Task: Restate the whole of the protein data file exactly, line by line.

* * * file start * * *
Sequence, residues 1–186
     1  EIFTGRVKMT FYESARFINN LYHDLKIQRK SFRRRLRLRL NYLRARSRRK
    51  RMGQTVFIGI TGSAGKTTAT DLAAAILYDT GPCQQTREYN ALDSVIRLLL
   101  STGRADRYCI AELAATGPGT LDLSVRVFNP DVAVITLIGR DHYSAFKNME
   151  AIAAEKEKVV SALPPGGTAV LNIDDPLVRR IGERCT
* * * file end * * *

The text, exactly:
Sequence, residues 1–186
     1  EIFTGRVKMT FYESARFINN LYHDLKIQRK SFRRRLRLRL NYLRARSRRK
    51  RMGQTVFIGI TGSAGKTTAT DLAAAILYDT GPCQQTREYN ALDSVIRLLL
   101  STGRADRYCI AELAATGPGT LDLSVRVFNP DVAVITLIGR DHYSAFKNME
   151  AIAAEKEKVV SALPPGGTAV LNIDDPLVRR IGERCT